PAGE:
Darwin … fond, very fond, memories. Being a tourist ads a very romantic touch to everything, doesn’t it? I wonder what the city is like today.

      You’d probably find more mist in the forests in the South but even those are populated with trees that don’t drink much water and their leaves probably don’t release that much vapor. I remember the vineyards in Margaret River draped under some sort of protecting veil and with water vaporised to keep the grape cool (not worth the effort if you ask me, but don’t tell anyone or my future Visas will be refused).

      • jean pierre {pete} guaron says:

        I was actually living in Darwin – wonderful place, wonderful people. Some years after I moved here, the Northern Territory government invited me to go back there and advise them on my area of law. I had an incredible time there, on that trip. I’ve generally held the view that the past is one place you can’t go back to, but this was the exact opposite.

        Example – one lady recognised me after all the intervening years, rushed up to me, hugged me so hard I could scarcely breathe, and cried all over me, she was so overcome with joy at seeing me again after all that time. I don’t normally get that sort of reaction from anyone I haven’t seen for 10 years. 🙂 (She & I originally met when I was living there, and I did some work for her son).

        Some of the things I saw in Darwin were a photographer’s dream come true. Bit wet, sometimes, for digi cams, but the images you could capture there are unbelievable. Phosphorescent creatures in the sea, crossing the harbour in an old pearling lugger – one of the two best sunsets I’ve ever seen – sheet lightning & fireballs – rain falling so heavily it was almost solid – a strange freshwater creature that was half fish, half animal, and had both fins & a tail, as well as legs, looking like a leftover from the age of the dinosaurs. On and on . . .

        • pascaljappy says:

          Well my stay was only a few weeks long and that is full of fantastic memories (magroves, forests, caves, crocs, lakes, snakes, spiders, monitors, eagles, cranes, gorges, termites …) so I can only imagine what years of living there must be like. What freshwater creature was that ????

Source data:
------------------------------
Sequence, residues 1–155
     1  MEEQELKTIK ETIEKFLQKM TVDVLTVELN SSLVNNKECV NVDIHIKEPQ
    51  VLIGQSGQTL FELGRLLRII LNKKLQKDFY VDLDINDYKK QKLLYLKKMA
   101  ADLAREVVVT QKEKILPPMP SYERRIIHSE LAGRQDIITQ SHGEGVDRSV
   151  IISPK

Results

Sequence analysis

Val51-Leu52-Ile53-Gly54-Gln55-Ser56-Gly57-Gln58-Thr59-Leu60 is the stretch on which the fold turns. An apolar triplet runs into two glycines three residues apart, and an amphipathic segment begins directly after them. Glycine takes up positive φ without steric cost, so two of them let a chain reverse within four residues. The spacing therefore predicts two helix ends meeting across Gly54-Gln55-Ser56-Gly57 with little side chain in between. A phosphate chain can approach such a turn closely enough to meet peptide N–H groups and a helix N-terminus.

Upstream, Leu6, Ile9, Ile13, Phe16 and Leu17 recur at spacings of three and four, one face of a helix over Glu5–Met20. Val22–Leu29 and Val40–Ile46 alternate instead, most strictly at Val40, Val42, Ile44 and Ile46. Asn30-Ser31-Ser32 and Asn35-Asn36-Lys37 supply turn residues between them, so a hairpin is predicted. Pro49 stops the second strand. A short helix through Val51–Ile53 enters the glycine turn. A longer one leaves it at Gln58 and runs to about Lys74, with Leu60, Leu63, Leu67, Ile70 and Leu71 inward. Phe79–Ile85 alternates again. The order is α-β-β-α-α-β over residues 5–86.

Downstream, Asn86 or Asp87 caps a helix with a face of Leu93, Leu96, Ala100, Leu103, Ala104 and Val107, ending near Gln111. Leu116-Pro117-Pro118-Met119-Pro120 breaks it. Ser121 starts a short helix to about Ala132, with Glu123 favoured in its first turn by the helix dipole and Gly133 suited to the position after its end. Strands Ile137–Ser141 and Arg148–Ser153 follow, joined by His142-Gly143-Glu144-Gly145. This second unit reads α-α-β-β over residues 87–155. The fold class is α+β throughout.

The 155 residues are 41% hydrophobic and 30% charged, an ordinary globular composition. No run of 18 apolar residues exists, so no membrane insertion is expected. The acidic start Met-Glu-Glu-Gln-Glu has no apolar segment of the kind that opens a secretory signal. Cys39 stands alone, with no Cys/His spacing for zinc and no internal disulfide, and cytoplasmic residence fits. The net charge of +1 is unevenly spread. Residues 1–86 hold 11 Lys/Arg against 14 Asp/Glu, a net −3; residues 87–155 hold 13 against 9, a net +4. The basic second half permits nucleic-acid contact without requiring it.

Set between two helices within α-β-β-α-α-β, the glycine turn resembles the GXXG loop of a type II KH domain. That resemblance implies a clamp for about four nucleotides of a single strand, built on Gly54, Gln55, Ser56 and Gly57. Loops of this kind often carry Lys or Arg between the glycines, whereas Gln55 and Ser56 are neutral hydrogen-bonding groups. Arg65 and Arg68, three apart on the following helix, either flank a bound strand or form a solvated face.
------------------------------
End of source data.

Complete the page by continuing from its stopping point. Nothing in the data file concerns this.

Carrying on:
• jean pierre (pete) guaron says:

            No idea WTF it was – looked like an escapee from an archeology book.

            Roper Bar was an out of this world experience – so was the geothermal spa at Mataranka on “the Track” – one or two other episodes I’m not putting on DS – the “flight of the brolgas”, birds like you’ve never seen B4 or since! – the kangaroo that I think I mentioned some time back, that used to hop over the road & around the back of the units where I lived, to visit me on a Sunday, and get a sugar lump as a treat (had any pet kangaroos in your backyard lately? 🙂 )

            • pascaljappy says:

              We saw brolgas in a nuptial dance at Yellow River billabong and it is a memory I treasure. Not many roos in mybackyard, no 😉 Although a local vet has managed bring back and breed about 10 wallabies just down the lane. Not sure how they survive our winters but they do and have become quite the local attraction. Never been to Roper Bar. Isn’t that inside Arnhemland (permit required) ? I’d so like to go back to that area …

          • jean pierre (pete) guaron says:

            Roper Bar is in the southwest corner of the Gulf of Carpentaria – when we went, accessible by 4WD and sensibly only in convoy, in case the only vehicle you took broke down. Bearing in mind that was way before cellphones – smart dumb or otherwise – so a breakdown in the outback would have been tempting fate, without taking other precautions. It seems to be on or just inside the boundary of Arnhemland. The aboriginal owners aren’t like the original white settlers, thought – they won’t shoot you on sight!

            And yes – to get into Arnhemland, you need a permit – which isn’t much harder than buying a bus ticket.